Since 1924 there has been legislation enabling the Minister for Industry and Commerce to provide guarantees for loans to assist in industrial development both for new industries and for established concerns wishing to expand their activities where the granting of guarantees was calculated to promote employment and development. The legislation also provided for the actual grant of loans for similar purposes.
As a preliminary to the guaranteeing or granting of any loan under the Trade Loans Acts it is necessary to consult an advisory committee, representing industrial, commercial and financial interests and the sanction of the Minister for Finance is also required before facilities can be granted by the Minister for Industry and Commerce.
The first legislative provision was made in the Trade Loans (Guarantee) Act, 1924, which provided that guarantees or loans might be granted to companies and public authorities for the purpose of meeting expenditure on buildings, plant and machinery and other fixed assets. The operation of this Act was limited to one year but, by a series of amending Acts from 1925 to 1932, inclusive, the Minister's powers were continued. In 1933 the scope of the trade loans scheme was extended by the Trade Loans (Guarantee) Act of that year which enabled loans to be guaranteed or granted to meet cases where the expenditure to be incurred related to working capital in addition to the acquisition of fixed assets. At the same time individuals, as distinct from companies, became eligible for trade loan facilities.
The duration of the Trade Loans (Guarantee) Act, 1933, was limited to five years and, on its expiry, the Minister's powers in regard to trade loans were continued for another five years by the Trade Loans (Guarantee) Act, 1939. This Act also fixed a limit of £1,000,000 as the total of guarantees and loans which might be granted. On the expiry of the Act of 1939 the powers of the Minister were extended for a further period of five years by the Trade Loans (Guarantee) Amendment Act, 1944.
The purpose of the Bill now before the House is to continue the powers to guarantee or grant loans for a further period of five years.
It is very desirable that some machinery should continue to exist to enable the Minister for Industry and Commerce to afford financial assistance for industrial development which might not in the ordinary way appeal to the banks or to the Industrial Credit Company Limited.
The advantage of the trade loans (guarantee) system as compared with ordinary commercial banking facilities is that it provides a fixed long-term period of repayment for which industrialists can budget in their costings. Banks normally require loans to be repaid over a shorter period, usually less than five years, whilst the Industrial Credit Company affords financial assistance to industry mostly in cases of large amounts where public issues can be arranged.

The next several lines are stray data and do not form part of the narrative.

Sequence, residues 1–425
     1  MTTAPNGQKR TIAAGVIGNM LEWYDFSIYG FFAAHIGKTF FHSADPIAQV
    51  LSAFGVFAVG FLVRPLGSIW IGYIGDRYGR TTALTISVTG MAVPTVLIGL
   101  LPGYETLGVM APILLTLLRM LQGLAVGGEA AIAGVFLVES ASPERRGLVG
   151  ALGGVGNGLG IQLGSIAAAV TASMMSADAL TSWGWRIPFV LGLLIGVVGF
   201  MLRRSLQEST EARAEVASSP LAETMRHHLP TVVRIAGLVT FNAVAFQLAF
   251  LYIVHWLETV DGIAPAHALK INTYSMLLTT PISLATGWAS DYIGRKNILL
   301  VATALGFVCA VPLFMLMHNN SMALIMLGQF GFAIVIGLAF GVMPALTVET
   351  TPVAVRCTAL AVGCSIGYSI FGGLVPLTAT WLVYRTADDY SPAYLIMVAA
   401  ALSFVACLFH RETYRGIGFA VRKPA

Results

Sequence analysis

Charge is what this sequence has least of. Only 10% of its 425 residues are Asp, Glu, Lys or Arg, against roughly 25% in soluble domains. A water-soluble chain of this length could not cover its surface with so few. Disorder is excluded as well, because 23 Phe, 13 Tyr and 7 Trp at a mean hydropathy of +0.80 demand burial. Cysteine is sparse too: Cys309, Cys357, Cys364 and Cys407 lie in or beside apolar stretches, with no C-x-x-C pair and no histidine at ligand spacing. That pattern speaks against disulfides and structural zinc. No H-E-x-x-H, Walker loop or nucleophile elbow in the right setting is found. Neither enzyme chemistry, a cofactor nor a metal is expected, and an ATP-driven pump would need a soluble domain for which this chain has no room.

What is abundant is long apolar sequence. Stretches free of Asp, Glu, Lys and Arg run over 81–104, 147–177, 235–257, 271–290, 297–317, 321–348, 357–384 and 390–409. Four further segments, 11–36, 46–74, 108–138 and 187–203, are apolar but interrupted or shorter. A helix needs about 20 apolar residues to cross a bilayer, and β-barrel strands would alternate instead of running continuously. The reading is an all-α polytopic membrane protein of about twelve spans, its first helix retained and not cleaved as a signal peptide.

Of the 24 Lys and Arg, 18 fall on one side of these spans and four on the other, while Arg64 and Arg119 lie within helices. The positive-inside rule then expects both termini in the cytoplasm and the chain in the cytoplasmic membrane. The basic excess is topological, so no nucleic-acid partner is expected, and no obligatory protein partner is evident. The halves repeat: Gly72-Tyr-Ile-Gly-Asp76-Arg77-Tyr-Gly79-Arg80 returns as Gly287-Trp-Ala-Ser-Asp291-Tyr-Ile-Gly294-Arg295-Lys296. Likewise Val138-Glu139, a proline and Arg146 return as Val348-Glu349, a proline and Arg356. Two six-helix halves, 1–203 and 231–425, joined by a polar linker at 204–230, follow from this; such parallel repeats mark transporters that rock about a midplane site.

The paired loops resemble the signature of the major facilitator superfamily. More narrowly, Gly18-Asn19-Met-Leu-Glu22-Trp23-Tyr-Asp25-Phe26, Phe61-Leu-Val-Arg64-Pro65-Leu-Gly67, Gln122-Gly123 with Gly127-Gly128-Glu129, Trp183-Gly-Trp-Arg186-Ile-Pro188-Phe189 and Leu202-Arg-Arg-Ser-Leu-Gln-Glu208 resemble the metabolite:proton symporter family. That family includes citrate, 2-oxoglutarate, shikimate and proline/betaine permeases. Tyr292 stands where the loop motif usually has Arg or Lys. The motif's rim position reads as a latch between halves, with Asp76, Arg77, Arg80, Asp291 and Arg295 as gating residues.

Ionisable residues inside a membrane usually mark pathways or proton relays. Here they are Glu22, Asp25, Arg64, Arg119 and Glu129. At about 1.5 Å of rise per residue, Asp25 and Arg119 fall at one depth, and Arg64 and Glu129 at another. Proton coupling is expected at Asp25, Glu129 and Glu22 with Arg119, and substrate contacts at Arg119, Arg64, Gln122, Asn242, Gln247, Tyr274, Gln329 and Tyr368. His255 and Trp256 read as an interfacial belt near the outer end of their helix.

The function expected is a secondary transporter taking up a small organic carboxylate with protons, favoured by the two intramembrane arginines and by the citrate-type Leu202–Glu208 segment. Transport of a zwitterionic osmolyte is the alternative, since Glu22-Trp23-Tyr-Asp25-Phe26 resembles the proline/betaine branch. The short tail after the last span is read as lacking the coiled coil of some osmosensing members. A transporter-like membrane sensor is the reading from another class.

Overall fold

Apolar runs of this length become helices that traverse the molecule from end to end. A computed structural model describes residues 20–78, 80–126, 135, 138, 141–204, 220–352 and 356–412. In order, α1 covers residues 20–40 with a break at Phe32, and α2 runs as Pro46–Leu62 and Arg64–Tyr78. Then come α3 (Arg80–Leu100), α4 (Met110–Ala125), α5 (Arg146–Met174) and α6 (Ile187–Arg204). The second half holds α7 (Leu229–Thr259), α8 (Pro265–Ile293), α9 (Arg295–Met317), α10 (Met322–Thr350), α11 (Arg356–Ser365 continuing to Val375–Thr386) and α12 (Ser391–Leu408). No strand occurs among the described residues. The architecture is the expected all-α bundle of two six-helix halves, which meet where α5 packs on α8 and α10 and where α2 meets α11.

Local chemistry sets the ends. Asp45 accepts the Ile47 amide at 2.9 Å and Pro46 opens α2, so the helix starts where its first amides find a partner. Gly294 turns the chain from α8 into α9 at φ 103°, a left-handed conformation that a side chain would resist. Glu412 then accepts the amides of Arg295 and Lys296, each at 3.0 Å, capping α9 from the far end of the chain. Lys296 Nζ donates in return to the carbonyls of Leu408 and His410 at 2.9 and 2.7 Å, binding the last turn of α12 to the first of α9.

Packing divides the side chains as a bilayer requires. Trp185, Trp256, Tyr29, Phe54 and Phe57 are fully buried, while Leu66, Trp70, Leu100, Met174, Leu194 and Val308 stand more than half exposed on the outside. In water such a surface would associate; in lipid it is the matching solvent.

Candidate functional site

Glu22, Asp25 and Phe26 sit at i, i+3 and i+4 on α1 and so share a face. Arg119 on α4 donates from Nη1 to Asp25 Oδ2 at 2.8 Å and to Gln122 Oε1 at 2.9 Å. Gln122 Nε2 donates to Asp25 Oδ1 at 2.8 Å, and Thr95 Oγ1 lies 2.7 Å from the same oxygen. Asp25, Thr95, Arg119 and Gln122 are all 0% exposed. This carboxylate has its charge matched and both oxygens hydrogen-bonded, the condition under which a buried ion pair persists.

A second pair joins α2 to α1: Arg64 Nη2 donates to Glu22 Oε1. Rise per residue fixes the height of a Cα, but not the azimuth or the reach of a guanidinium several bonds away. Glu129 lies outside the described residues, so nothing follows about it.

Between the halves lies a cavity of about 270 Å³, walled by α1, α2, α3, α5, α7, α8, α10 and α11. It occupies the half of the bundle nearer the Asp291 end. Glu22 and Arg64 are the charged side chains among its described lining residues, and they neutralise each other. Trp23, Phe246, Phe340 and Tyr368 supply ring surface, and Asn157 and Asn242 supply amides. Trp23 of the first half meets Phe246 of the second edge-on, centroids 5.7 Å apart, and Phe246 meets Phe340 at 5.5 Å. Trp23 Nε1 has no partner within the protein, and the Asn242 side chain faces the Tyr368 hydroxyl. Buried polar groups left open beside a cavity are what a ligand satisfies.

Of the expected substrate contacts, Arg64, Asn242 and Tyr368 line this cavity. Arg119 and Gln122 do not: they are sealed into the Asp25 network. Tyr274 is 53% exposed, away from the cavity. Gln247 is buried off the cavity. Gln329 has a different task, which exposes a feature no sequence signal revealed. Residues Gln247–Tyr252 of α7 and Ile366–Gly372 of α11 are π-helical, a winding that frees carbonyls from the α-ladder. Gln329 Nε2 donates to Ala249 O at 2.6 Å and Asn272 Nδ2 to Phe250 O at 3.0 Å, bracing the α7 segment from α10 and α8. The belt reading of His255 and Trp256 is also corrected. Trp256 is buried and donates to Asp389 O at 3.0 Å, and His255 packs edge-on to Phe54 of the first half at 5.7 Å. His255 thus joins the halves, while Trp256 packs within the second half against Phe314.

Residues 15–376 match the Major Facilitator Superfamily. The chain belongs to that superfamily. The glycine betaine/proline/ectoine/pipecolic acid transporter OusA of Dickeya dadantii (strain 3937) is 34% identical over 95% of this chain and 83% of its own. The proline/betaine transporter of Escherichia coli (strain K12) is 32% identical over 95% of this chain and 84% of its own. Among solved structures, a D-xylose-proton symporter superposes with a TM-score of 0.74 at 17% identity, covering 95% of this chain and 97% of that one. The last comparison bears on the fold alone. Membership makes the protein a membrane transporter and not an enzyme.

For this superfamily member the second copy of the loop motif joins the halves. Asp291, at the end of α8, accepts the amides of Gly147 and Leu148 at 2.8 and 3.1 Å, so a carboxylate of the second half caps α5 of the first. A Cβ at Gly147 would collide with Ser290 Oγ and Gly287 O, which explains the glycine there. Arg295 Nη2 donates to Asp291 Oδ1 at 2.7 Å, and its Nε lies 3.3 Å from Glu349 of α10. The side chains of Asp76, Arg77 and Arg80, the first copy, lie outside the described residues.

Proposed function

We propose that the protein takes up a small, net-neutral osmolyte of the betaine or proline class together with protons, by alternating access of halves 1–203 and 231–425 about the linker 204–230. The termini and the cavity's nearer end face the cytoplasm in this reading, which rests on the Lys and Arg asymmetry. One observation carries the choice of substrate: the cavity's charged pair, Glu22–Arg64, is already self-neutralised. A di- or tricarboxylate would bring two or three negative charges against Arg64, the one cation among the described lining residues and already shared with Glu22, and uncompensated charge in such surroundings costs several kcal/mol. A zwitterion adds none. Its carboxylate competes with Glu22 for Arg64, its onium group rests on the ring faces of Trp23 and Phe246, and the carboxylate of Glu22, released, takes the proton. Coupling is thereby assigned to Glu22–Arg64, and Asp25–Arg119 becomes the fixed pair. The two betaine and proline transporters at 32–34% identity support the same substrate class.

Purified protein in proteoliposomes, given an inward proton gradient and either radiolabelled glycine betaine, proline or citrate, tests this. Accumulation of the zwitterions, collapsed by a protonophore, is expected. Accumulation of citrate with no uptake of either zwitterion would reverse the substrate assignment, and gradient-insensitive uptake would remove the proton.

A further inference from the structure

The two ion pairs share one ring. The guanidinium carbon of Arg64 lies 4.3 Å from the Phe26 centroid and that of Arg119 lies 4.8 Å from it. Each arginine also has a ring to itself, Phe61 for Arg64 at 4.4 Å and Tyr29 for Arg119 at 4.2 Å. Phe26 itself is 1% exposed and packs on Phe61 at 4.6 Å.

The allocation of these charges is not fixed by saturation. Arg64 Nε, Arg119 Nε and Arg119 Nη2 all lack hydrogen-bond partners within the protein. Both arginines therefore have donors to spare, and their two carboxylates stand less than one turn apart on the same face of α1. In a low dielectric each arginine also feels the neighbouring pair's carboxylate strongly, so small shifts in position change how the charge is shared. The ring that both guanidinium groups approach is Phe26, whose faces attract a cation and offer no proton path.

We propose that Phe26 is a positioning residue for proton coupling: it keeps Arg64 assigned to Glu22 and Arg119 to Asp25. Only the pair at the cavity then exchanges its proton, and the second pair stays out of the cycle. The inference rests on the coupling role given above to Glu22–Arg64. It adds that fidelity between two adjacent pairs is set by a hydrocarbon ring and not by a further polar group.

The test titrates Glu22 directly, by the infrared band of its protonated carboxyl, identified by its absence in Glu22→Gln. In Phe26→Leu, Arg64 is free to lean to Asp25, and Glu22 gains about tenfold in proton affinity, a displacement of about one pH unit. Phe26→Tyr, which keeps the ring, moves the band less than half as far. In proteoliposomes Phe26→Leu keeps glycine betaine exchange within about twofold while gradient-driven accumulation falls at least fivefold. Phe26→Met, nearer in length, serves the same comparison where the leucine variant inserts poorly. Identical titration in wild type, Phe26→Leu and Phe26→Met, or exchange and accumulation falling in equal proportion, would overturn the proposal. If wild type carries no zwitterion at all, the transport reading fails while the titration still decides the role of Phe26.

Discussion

Under the Trade Loans (Guarantee) Acts, 1924 to 1944, guarantees were actually given in 101 cases, involving a total capital sum of £1,616,711. In 70 cases the loans totalling £721,471 were fully repaid by the borrowers.
In 25 cases, involving guarantees totalling £585,240, it was necessary to appoint receivers and some of these companies ceased to operate. Repayments to the Exchequer in cases where receivers were appointed amount to £149,170. There have been numerous inquiries recently as to the provision of financial assistance for industrial development in some cases by people contemplating the establishment of new industries and in other cases where industries are already established and the promoters need increased financial facilities. As guarantees under the Act of 1939 were availed of to the extent of £446,000 only, it is not considered necessary to have any extension of the limitation of the amount—£1,000,000. The provision enabling loans to be made has never been utilised and it is rather unlikely that it ever will be. It is desirable nevertheless that the power should be retained. The purpose of the Bill, as I have indicated, is to continue in operation for a further five years legislative provision under which the Minister for Industry and Commerce is enabled to provide loans for industrial development.